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Omega 6

What is Omega 6? What is Omega 6 found in?

Omega 6 fatty acids, which include linoleic acid and gamma-linolenic acid, are primarily found in raw nuts, seeds, legumes (such as chickpeas, lentils and beans), borage oil, grapeseed oil and sesame oil, to name a few. Omega 6 also comes from animal products such as meat, eggs and dairy. Grass fed or pasture raised meat and chicken eggs will also have a more beneficial omega 3:6 ratio to support health.

Omega 6 has many functions in the body. On a cellular level, these unsaturated fatty acids exist in the membranes of our cells and so contribute towards a healthy structure of the outer layer of a cell. A good balance of omega 3 to omega 6 fats is required for healthy cell membranes. Zoom out, and it is clear that a healthy-shaped cell is vital for all aspects of health, because cells make up the tissues in our body.

Studies suggest omega 3 consumption to be more beneficial than omega 6 in terms of heart and general cardiovascular health, which includes the health of the blood vessels and transportation of blood around the body. However, balance of these essential fats is key to maintain the correct immune responses and the structure of the cell membranes.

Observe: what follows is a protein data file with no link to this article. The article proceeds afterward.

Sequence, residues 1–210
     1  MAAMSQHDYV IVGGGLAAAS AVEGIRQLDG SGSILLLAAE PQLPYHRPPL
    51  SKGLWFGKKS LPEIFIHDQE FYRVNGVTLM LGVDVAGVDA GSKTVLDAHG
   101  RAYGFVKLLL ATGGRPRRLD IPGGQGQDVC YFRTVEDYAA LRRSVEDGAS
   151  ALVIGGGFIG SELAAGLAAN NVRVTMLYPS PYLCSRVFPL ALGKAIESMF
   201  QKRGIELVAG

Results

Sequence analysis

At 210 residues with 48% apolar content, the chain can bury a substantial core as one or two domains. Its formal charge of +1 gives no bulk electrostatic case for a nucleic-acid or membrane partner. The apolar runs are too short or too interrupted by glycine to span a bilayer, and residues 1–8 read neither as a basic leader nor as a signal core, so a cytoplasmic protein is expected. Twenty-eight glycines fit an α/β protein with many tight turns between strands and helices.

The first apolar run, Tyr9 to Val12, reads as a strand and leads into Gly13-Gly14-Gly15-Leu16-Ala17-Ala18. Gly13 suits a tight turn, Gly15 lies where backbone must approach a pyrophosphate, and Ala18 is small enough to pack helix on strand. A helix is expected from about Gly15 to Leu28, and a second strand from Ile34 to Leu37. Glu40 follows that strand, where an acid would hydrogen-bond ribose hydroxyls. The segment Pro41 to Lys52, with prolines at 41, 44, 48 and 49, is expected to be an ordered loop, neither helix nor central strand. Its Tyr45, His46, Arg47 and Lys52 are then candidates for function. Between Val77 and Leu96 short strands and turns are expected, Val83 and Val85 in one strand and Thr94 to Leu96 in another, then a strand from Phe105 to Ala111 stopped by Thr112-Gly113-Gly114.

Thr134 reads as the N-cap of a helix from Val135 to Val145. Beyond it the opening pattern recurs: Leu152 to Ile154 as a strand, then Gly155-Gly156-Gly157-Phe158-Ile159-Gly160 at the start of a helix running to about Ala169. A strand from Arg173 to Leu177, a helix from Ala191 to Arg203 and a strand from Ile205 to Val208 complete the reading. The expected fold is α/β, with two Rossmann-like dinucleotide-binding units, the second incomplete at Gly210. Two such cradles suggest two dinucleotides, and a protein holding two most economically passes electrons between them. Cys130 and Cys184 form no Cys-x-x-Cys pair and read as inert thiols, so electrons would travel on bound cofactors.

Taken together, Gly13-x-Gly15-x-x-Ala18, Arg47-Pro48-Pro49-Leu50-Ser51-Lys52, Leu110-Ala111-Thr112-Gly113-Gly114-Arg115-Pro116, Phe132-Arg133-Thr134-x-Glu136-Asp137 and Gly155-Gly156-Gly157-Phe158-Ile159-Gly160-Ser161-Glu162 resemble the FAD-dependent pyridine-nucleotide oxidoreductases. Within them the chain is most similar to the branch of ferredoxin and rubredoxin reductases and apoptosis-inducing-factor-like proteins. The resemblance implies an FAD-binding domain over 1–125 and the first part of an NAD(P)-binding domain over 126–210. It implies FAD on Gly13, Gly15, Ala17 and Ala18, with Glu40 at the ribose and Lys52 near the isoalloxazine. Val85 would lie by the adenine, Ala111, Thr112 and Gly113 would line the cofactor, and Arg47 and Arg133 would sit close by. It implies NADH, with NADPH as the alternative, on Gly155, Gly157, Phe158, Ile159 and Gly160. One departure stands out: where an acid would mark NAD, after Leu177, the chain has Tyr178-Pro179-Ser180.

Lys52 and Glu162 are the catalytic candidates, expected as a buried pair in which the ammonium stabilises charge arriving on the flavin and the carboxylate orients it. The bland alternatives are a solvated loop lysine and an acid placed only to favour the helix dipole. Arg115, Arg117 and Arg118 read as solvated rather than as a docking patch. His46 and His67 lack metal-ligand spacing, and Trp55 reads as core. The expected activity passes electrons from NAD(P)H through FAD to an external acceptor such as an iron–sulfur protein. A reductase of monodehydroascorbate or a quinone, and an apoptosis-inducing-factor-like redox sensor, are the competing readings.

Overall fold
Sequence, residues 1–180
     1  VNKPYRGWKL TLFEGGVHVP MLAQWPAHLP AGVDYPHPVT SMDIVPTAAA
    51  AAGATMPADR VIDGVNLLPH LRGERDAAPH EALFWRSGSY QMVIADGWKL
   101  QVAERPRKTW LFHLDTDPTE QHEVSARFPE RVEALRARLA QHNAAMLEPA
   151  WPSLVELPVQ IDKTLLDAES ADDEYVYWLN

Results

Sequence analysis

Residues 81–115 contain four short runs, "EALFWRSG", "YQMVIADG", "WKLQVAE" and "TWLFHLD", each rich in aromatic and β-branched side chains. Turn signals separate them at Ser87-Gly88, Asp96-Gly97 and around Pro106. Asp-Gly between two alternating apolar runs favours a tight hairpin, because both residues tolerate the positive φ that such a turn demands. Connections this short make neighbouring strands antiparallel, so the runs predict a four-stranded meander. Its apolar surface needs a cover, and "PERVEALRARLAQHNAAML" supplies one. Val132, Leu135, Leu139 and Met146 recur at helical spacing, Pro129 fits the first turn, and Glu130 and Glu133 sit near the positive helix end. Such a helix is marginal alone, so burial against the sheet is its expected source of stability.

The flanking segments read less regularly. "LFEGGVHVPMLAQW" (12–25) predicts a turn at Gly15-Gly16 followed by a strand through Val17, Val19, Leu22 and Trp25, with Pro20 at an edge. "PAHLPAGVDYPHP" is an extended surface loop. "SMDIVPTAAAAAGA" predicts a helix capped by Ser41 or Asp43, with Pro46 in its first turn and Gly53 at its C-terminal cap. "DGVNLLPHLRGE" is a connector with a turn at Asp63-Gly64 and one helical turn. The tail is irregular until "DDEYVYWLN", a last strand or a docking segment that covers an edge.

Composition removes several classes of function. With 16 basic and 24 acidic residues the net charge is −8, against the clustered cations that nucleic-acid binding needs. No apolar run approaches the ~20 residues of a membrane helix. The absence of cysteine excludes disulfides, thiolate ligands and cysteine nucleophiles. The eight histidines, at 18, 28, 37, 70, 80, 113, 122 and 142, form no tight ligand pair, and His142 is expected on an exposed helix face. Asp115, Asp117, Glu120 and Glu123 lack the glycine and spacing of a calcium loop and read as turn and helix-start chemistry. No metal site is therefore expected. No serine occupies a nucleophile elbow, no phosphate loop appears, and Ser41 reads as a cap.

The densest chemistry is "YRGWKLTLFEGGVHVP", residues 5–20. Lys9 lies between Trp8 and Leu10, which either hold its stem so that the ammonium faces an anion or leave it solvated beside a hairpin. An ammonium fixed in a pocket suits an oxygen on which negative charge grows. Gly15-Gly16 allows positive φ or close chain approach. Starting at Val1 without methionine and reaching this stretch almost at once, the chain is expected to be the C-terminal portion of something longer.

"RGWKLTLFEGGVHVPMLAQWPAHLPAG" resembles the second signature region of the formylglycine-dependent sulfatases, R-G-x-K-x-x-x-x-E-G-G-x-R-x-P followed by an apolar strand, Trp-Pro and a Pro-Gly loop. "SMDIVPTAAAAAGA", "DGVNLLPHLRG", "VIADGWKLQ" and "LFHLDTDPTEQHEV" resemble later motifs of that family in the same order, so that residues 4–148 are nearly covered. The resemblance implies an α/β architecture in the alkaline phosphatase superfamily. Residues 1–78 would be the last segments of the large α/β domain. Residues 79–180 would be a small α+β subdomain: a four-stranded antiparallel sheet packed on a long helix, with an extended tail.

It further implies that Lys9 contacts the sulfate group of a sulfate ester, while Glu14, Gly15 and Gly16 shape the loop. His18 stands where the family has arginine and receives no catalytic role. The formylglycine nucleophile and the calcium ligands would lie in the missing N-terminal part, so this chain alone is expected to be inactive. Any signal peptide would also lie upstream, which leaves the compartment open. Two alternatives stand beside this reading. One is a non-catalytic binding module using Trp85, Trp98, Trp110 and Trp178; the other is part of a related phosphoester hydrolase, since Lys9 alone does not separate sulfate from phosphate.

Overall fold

When should you be aware of omega 6?

The same can be said for all aspects of immune health. Particularly in atopic conditions such as eczema and asthma, which are very often related and can often present in conjunction in the same individual.

Take caution in cooking, as heat destroys essential fatty acids. Heat generates free radicals which occur when an oil is exposed to the oxygen in the surrounding atmosphere. Consuming food cooked in cooking vegetable oils high in omega 6, for example, can therefore cause stress inside the body and generate premature ageing. A good alternative way to consume omega 6 fats in a health supporting way, is to use minimally processed oils such as extra virgin olive oils on salad, soups or stews.

What are the benefits of omega 6?

Supplementally, omega 6 is available in evening primrose oil, other names include borage or starflower oil. This source is particularly high in gamma-linolenic acid, which can be useful in cases where the desaturase enzymes responsible for converting essential fatty acids, is suboptimal. Adequate conversion is required to support anti-inflammatory processes in the body. Therefore higher intakes of gamma linolenic acid in these instances can be beneficial. For this reason, there is also much anecdotal evidence to support gamma linolenic acid for the support of hormone-related issues such as menopause or premenstrual syndrome.

Recommended For

Menopause , Premenstrual Tension/ Syndrome , Eczema , Psoriasis , Dry Skin , Hot Flushes / Hot Flashes , Breast tenderness , Cracked Lips , Acne

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